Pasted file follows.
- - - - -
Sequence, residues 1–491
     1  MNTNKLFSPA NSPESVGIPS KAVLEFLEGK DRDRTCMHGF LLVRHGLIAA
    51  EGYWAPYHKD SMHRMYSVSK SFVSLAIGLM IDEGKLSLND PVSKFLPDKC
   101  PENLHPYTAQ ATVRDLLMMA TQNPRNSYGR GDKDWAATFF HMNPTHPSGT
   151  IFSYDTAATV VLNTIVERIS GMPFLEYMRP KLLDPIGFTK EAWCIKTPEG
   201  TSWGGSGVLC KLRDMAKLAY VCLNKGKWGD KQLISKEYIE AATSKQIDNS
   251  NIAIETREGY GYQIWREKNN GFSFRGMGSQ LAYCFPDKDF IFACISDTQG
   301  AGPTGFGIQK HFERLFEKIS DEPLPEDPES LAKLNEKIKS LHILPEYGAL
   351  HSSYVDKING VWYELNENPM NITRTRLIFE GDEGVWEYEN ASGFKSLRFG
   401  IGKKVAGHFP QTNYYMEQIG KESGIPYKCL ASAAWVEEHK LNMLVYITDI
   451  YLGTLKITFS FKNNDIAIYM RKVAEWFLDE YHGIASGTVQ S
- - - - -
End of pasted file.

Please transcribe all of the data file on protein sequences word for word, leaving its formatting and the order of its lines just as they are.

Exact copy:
Sequence, residues 1–491
     1  MNTNKLFSPA NSPESVGIPS KAVLEFLEGK DRDRTCMHGF LLVRHGLIAA
    51  EGYWAPYHKD SMHRMYSVSK SFVSLAIGLM IDEGKLSLND PVSKFLPDKC
   101  PENLHPYTAQ ATVRDLLMMA TQNPRNSYGR GDKDWAATFF HMNPTHPSGT
   151  IFSYDTAATV VLNTIVERIS GMPFLEYMRP KLLDPIGFTK EAWCIKTPEG
   201  TSWGGSGVLC KLRDMAKLAY VCLNKGKWGD KQLISKEYIE AATSKQIDNS
   251  NIAIETREGY GYQIWREKNN GFSFRGMGSQ LAYCFPDKDF IFACISDTQG
   301  AGPTGFGIQK HFERLFEKIS DEPLPEDPES LAKLNEKIKS LHILPEYGAL
   351  HSSYVDKING VWYELNENPM NITRTRLIFE GDEGVWEYEN ASGFKSLRFG
   401  IGKKVAGHFP QTNYYMEQIG KESGIPYKCL ASAAWVEEHK LNMLVYITDI
   451  YLGTLKITFS FKNNDIAIYM RKVAEWFLDE YHGIASGTVQ S